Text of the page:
This sums it up perfectly, and I thought it merited a re-post for our work here.
COPIED AS WRITTEN BY EDWARD LEE, for Esquire Magazine
"People are growing weary of the word “chef.” Lately, it’s been used to sell everything from canned soup to fast food pizza. Some argue it’s no different than using the word to raise cooking show ratings. There are others who think the word is a by-product of an exclusionary boy’s club and then those who just think it is self-ingratiating. I’m no purist who bemoans the days when being a “chef” really meant something, but I cringe at articles like the one written by the usually brilliant Robert Sietsema who protests against having to address cooks with the honorific “chef.”
I apprenticed in kitchens during a time when the word was reserved for the utmost reverence and authority. It was a word I coveted and feared. Without having gone to cooking school, I never got handed a degree with my name on it. So for me, working my knuckles to the bone was my way of earning the right to be called a chef. And I still believe that the title of “Chef” represents the highest form of professional craftsmanship and artistic expression.
The irony now is I don’t care what people call me—as long as it’s not asshole. I don’t insist—and honestly, I don’t know any chef who does—that people refer to me as “Chef.” It happens, and that’s fine. To my cooks, it is a form of respect. And for the general public, they get a kick out of it. Who am I to be contrarian? But what is left of the word now that we’ve exhausted it?
The National Restaurant Association counts 980,000 restaurants in the United States. That’s a lot of cooks out there. I started to think about my own dumb, idealized definition of the word “chef” and realized how little it involves the vast majority of hard working people in the food service industry. But they aren’t chefs—you say. I guess not. I guess to someone like Sietsema, a caterer is not a chef—just an insignificant part of the uninspired food industrial complex. Like the deli counter girl and the Applebee’s cooks. But holy crap, that’s really elitist. I am lucky. I get to have my little restaurant in the middle of nowhere and cook the expressionist cuisine that I want to cook and don’t give a damn if it meets anyone’s expectations or not. But not everyone gets to do that. In fact, a rarefied few will ever make that leap. So all the other people who prepare food for a living—are they not chefs? Or are they just cooks? Who gets to determine which ones are ordained?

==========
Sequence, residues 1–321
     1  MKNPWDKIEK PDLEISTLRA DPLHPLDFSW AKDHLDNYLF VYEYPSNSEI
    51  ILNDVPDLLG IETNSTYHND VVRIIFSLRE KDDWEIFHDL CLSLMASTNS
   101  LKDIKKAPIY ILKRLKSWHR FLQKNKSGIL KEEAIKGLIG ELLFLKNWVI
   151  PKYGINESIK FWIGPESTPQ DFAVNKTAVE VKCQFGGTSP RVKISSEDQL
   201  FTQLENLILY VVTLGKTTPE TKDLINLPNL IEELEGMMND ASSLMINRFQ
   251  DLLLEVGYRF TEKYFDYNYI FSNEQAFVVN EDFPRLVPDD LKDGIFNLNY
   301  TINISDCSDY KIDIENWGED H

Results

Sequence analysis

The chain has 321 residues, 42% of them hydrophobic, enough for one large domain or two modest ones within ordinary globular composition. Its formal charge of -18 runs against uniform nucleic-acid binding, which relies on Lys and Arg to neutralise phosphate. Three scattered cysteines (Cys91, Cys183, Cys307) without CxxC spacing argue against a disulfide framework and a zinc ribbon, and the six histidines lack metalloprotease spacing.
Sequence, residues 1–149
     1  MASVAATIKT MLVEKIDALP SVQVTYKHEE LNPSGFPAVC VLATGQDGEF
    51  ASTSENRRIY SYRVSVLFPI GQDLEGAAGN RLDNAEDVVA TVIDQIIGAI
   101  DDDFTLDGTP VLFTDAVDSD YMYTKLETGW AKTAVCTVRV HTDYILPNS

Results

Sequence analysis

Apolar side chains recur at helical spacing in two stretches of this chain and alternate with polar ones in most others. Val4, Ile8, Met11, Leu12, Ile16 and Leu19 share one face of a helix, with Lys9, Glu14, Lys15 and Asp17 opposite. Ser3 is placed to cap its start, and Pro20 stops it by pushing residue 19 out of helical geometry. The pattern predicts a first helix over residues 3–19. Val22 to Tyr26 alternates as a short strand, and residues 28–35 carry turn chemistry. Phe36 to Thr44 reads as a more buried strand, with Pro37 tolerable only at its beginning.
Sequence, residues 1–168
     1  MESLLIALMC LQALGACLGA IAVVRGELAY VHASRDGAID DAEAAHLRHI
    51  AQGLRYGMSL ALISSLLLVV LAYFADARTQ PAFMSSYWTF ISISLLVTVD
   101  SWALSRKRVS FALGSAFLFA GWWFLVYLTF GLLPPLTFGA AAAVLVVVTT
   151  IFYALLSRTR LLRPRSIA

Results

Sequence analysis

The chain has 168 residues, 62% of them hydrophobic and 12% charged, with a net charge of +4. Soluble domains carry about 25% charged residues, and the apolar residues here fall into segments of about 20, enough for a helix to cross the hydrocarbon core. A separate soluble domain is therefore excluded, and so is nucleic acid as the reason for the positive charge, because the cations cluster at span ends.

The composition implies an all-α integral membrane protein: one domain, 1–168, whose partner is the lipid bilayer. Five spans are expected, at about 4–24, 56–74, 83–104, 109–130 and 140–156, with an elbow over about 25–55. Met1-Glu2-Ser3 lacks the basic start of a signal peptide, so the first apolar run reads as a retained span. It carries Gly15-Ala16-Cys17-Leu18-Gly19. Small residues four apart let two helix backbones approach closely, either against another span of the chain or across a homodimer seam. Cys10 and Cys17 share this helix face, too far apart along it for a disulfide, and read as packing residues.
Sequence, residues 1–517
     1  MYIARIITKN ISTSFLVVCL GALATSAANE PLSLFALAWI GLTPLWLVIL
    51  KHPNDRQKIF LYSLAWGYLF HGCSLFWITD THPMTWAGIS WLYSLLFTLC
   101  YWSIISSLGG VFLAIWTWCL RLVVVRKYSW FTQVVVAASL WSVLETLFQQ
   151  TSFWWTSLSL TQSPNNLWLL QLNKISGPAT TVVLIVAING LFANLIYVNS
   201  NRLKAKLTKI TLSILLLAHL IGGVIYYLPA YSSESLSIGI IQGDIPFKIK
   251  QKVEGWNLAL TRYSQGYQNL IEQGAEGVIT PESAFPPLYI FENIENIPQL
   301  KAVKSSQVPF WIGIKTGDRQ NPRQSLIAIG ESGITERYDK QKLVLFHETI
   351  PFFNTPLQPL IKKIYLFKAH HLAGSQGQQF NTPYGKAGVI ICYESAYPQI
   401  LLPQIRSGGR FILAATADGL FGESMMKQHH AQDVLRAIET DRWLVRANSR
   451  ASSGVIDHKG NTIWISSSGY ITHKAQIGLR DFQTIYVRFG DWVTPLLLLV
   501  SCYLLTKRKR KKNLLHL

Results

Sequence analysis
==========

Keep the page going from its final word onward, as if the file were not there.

Some of the best meals I’ve had in my life have been at the hands of wonderful home cooks. But I wouldn’t call them chefs. Not unless you’ve ever spent the afternoon pumping out a clogged grease trap or woken up in the middle of the night questioning if you left the fish order on the meat phone line and vice-versa, or ever looked into the eyes of a young hapless cook and crushed his dreams. That’s what a chef does. Amongst many other hats. There are those that are brilliant at it, others just mediocre. But to me, they are all chefs. They fill a need: they feed the vast, bottomless appetite of the American public.
Recently, I was stuck in the Chicago airport after a series of flight delays. I sat at a bar and ordered chili, a quesadilla, and a beer. The place was getting crushed. Everyone who couldn’t leave the airport decided they would take their pissed off attitude to this restaurant and get mad about the overpriced food. From where I sat, I could see a chef in the kitchen getting his ass handed to him, getting deeper and deeper into some wilderness of weeds with each passing minute. My food took a while and there was nothing “gourmet” about it, but my quesadilla was crispy, the cheese was melty, and the chili had just the right amount of sour cream on top. It made me feel good when all I wanted to do was be pissed off.
After the push, the chef came out looking pretty beat up. His cheeks were ruddy from an unhealthy rise in blood pressure. His breathing was forced and he had that familiar hunched over stance as he sucked down a quart container of ice water while looking off into the distance. As I left the bar, I turned to him and gave him a quick but earnest, “Thanks, Chef.” He didn’t speak English, but he perked up for a moment with a professional nod and a smile before heading back into that warzone of a kitchen."
---- ONCE AGAIN, PERFECTLY STATED. Thanks Chef.